So what were the allegations? Only one was recent, from an incident in 2015; the other two allegations came from Boulton’s time in law school. They do share a similar modus operandi, though:

One woman told the Des Moines Register that Boulton, now 38, repeatedly grabbed her buttocks at a bar in 2015. Two others told the Register that when Boulton was in law school more than a decade ago, he rubbed his clothed crotch against them, pressing his erect penis into their thighs.

Boulton’s response to the allegations foreshadowed his withdrawal:

“I don’t have the same recollection,” he told the Register. “But I am not going to offer any additional context to this, other than to say if someone’s perspective is that it was inappropriate and I crossed a line and I misread a situation in a social setting, I do apologize.”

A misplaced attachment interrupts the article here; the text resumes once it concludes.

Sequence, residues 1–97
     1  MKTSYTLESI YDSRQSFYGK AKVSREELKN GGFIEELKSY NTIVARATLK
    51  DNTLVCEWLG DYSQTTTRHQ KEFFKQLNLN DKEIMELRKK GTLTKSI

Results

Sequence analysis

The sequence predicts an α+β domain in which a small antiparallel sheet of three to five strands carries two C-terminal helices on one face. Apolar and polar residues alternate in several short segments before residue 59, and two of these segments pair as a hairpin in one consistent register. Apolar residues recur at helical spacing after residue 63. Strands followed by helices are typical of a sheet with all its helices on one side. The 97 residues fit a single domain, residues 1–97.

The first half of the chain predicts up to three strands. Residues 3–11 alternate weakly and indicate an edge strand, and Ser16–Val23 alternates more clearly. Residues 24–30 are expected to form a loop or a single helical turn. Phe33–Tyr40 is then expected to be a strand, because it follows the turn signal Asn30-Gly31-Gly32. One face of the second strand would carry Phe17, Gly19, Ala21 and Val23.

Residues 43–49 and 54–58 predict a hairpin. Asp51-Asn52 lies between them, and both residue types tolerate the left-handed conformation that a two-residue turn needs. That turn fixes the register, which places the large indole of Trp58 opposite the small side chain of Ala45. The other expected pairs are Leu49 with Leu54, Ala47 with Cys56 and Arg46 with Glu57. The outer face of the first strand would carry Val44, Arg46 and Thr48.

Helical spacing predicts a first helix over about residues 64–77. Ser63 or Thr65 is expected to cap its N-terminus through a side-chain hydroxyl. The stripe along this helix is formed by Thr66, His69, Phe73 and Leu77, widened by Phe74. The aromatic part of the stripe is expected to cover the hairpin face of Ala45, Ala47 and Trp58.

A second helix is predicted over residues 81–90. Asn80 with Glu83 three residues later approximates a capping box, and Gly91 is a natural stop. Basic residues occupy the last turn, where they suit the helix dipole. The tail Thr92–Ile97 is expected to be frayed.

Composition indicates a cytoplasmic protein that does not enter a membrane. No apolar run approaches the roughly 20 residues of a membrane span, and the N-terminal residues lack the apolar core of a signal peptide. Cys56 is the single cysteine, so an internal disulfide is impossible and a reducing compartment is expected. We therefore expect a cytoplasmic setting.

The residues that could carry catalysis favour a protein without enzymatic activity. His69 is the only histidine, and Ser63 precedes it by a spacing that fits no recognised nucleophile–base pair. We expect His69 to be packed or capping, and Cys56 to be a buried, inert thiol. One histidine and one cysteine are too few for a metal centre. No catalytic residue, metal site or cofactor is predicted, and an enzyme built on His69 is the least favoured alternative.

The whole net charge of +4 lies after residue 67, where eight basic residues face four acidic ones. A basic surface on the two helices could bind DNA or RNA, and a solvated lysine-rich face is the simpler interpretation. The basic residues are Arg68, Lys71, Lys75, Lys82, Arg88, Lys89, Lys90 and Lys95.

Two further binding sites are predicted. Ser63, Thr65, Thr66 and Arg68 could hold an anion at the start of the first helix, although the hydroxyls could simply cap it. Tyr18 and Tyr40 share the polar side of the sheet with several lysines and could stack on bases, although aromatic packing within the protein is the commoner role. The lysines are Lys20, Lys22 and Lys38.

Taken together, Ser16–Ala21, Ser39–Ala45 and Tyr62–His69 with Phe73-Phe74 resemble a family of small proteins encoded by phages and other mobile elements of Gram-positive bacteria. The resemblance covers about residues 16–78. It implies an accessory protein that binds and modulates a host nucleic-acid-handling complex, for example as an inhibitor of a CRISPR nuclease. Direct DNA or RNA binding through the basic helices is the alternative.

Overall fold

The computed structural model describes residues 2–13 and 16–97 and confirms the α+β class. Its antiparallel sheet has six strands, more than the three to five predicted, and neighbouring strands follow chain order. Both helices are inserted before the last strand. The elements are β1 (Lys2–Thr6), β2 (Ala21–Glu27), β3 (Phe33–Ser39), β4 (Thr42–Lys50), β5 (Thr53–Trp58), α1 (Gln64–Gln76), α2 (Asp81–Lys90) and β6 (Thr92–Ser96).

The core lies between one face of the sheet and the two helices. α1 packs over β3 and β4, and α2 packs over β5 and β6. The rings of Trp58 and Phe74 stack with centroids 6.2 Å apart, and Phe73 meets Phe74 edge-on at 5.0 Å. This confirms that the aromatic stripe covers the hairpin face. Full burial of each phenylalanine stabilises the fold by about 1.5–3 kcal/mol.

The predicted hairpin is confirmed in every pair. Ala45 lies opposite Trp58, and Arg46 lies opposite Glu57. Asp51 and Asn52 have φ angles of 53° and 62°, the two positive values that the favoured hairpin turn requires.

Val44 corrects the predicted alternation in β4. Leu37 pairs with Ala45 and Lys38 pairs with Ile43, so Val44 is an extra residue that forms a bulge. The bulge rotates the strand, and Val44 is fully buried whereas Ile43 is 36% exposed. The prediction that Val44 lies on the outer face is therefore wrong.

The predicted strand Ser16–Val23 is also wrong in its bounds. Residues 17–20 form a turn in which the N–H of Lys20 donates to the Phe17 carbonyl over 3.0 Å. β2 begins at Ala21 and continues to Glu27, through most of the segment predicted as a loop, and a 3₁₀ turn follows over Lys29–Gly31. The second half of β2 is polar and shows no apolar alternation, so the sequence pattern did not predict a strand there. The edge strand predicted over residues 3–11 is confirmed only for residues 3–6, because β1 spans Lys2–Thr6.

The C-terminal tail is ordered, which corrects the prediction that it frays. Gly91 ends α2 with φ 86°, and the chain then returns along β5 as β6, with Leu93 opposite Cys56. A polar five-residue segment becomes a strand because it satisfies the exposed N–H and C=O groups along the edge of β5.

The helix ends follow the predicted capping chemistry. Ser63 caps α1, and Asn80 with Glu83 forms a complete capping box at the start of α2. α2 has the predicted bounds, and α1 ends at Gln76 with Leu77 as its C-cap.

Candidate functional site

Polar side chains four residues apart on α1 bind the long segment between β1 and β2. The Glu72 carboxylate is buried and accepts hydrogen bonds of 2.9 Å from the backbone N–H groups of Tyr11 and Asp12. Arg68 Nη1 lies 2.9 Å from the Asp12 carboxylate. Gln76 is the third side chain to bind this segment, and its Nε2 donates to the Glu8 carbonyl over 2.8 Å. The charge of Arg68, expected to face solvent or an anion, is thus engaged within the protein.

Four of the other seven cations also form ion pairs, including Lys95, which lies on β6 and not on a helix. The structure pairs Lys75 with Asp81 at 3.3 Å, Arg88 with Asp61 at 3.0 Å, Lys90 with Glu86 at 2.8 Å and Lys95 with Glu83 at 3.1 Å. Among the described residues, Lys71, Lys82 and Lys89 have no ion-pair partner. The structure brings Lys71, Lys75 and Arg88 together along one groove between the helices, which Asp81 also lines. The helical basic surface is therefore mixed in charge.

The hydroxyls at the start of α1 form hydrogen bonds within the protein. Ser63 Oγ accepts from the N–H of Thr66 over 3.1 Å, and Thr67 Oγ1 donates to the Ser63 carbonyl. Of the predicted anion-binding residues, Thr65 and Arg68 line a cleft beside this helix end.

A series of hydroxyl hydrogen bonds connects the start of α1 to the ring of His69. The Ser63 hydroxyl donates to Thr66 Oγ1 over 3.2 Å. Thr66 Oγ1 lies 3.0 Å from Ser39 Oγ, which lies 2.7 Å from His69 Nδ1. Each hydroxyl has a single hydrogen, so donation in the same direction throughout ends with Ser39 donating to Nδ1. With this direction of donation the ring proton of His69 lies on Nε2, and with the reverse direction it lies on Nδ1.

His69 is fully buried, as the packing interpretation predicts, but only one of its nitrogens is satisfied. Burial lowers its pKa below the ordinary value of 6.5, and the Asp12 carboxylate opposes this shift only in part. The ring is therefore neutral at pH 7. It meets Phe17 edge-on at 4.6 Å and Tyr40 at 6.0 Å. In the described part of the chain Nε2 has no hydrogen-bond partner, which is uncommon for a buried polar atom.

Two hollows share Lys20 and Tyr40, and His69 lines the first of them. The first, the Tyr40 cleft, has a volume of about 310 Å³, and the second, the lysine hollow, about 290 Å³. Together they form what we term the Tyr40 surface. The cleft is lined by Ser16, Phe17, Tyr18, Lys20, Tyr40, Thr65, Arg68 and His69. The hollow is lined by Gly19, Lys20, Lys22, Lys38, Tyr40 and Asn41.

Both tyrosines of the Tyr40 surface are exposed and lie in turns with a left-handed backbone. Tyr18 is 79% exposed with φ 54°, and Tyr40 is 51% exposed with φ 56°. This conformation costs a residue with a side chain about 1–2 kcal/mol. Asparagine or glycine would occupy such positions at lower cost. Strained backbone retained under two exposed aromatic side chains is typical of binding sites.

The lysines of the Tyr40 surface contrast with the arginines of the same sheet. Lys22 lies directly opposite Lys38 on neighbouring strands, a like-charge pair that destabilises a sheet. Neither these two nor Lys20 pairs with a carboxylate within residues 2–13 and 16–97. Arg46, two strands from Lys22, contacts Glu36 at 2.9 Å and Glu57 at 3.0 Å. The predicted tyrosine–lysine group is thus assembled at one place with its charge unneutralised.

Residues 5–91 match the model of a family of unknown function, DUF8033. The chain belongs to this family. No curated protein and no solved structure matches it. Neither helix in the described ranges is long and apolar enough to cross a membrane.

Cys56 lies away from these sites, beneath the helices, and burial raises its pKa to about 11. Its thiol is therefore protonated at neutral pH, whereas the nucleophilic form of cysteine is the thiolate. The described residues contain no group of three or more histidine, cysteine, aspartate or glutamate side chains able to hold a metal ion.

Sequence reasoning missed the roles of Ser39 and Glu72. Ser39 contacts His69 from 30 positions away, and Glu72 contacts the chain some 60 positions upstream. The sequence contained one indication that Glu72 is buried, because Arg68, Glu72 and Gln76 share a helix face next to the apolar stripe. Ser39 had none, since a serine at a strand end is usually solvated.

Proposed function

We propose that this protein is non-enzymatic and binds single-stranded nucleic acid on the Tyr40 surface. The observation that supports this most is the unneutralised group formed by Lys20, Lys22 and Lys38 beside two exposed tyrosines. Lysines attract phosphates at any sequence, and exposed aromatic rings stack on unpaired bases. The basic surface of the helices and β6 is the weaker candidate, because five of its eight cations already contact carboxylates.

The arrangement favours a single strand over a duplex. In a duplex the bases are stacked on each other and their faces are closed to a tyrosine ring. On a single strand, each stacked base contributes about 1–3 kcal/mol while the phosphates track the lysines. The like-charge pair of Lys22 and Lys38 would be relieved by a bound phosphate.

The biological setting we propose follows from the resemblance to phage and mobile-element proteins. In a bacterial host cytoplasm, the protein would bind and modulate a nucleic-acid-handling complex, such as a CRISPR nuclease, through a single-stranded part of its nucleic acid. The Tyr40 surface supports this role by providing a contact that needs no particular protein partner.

He declined to comment on or discuss the specific incidents, saying, “I think if I add context it quickly becomes victim-blaming, and I don’t want to go down that path.”

Er … isn’t that a tacit admission that there are victims? If Boulton didn’t do these things, then the obvious response is … “I didn’t do those things.” If you start off by attempting to “add context,” or even suggest that there is context to add to buttock-grabbing, then you’ve pretty much given up the case. With that statement, and with his distant status in the primary, all that was left was the spending-more-time-with-my-family announcement.